Detritus, aka Making the Art Sausage

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Note: This entry first appeared on my Patreon page. Join to see the newest news and receive art rewards!

When we see a work of art hanging on a wall or seated on a pedestal, it looks like it appeared there by magic. You might get a hint of the work that went into its creation - brush strokes, fingerprints, chisel marks, and so on. But what don't you see?

The process of making a painting bleeds over into my surrounding workspace. There are a lot of leftover bits. Why let them go to waste?

Paint on the Palette

I'm using a glass palette these days for my acrylic paints. It's easier to clean than plastic, but there's an awkward side effect. When my acrylic paint begins to dry on the palette, it forms flakes that absolutely do not mix with wet paint. Grr.

My solution is to take a paper towel, fold it in quarters longways, saturate it with water, and squeeze out my paint onto that. I still use the glass for mixing color, and clean the mixtures off when I'm done.

If I unfold the paper towel carefully, the next day I have this cool object that's just begging to be collaged somewhere.

All the Trimmings

I've been using my extra paint to make postcards. They are standard-size and ready to be stamped and mailed. Or you can just set them on a shelf and enjoy.

I make these by cutting 9 x 12 Bristol board into quarters. However, there's a half-inch that needs to be trimmed in order to meet the USPS' standard postcard dimensions. I've been making a lot of postcards, and these strips are really accumulating. What will they become?

Trading Cards

Are you familiar with Artist Trading Cards? They're made where are collecting and business cards intersect. They're tiny - 2.5 x 3.5 inches - and that's where the standardization ends. I use ATC's as a great place to use up extra paint, switch gears, relax with a small piece, and then have something cool to give away or swap.* Will my Patreon patrons be getting Artist Trading Cards at some point? Signs point to Yes.

* You can buy ATCs on eBay. But I prefer them to be gifted or traded hand-to-hand.

Deep-cleaning the Studio, Part 2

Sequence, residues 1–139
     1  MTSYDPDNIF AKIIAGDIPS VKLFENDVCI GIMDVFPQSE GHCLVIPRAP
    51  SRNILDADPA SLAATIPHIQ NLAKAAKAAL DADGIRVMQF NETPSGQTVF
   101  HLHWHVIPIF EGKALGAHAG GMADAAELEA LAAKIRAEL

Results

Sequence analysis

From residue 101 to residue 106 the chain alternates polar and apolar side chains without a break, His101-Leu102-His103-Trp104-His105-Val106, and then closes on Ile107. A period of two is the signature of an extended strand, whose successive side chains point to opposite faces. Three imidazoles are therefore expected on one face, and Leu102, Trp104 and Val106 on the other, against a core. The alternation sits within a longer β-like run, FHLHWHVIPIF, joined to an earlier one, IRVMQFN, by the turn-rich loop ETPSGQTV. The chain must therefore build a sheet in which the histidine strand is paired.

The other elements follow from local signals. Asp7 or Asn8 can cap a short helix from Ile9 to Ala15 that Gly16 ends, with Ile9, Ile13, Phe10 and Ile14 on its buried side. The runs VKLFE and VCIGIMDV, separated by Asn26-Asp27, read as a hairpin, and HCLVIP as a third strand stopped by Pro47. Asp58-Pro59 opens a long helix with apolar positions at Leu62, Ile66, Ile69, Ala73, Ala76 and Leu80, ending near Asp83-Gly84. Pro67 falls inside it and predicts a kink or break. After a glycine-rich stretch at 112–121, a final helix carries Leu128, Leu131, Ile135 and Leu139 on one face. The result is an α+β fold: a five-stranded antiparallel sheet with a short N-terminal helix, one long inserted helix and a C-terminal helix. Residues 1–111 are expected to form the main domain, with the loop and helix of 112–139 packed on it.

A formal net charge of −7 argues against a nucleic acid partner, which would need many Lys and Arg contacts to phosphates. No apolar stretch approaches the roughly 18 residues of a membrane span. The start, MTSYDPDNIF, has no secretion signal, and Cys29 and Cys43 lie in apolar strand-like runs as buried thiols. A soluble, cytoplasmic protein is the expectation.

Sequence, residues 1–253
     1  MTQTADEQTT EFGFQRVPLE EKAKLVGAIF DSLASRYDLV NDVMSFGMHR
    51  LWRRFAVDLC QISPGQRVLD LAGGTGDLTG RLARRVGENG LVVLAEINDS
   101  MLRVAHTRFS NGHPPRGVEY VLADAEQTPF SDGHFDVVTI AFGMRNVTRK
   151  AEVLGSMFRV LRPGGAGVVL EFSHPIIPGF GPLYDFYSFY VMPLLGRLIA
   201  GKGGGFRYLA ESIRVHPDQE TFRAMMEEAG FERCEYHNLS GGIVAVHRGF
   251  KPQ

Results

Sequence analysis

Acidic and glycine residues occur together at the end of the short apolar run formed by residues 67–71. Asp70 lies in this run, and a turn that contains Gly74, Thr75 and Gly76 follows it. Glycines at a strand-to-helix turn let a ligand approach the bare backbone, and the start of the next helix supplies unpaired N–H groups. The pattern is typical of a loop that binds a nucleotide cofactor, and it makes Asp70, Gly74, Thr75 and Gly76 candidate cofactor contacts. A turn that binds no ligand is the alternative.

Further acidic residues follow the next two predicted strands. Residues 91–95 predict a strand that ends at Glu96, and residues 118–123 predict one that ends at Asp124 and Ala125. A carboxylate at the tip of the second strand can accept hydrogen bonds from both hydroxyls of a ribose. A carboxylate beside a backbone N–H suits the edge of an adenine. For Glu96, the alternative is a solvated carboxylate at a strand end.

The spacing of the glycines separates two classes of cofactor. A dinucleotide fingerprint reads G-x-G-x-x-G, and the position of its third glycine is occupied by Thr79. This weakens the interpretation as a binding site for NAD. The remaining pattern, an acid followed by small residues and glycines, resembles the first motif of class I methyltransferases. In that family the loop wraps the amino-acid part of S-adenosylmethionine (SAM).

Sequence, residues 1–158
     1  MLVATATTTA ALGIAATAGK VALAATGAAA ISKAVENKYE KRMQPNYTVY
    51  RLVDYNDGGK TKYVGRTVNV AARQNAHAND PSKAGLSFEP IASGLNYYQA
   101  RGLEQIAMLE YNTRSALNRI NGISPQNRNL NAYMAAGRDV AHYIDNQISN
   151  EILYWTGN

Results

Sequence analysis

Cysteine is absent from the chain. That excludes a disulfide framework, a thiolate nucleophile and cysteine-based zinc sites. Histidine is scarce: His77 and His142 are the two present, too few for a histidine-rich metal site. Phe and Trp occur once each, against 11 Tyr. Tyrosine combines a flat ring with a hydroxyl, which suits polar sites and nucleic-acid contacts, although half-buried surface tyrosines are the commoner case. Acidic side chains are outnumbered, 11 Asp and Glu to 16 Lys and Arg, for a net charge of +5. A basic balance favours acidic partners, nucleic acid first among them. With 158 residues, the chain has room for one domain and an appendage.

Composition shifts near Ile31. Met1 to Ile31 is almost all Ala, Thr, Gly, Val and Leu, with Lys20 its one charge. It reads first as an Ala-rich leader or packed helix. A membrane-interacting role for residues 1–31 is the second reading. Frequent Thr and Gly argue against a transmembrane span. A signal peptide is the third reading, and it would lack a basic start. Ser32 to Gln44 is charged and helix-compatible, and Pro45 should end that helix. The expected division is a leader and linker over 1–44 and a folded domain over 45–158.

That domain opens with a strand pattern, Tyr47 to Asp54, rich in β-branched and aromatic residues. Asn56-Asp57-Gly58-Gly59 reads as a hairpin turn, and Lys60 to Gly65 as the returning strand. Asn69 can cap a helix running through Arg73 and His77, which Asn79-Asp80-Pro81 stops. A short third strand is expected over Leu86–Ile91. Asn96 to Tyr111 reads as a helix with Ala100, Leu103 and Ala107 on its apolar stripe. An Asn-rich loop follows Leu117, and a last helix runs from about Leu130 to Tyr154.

I've been away from the easel for the past several months on a self-directed quilting sabbatical. Now that it's 2016, I'm back into painting mode. I have a big exhibition coming up this fall, so I needed to get my painting space back in order. Read part 1 here. clean shelves 2 500

First up, cleaning the shelf units that hold up my worktables.

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A dust-free place for everything.

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Index cards, indexed by type AND size. It's who I am.

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In transition, taking the workspace apart...

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Ready for the nasty dust pics? Here they come.

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The horror. The horror.

But things got all better.

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Ready to work at my workspace.

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Let's do some painting!

You may also enjoy: Prescription for an Installation Tools I Use: My Favorite Pens

Deep-cleaning the Studio, Part 1

It's a new year! And I've got a lot to work on in 2016. Time to properly clean the studio. Mostly that means dusting. But I'd also like to reduce the general visual clutter in here. Smooth out the lines, if you will. Quiet environment, quiet mind.

Quiet cupboard, quiet mind.

That little sign says "Bad painting is better than no painting at all."

Quiet bookshelf, quiet mind.

Does anything collect dust quite like books? Oh, yeah, wooden bookshelves do.

For the first time, I've organized my books by size rather than subject. Smoothing out the lines. However subjects are still organized by shelf.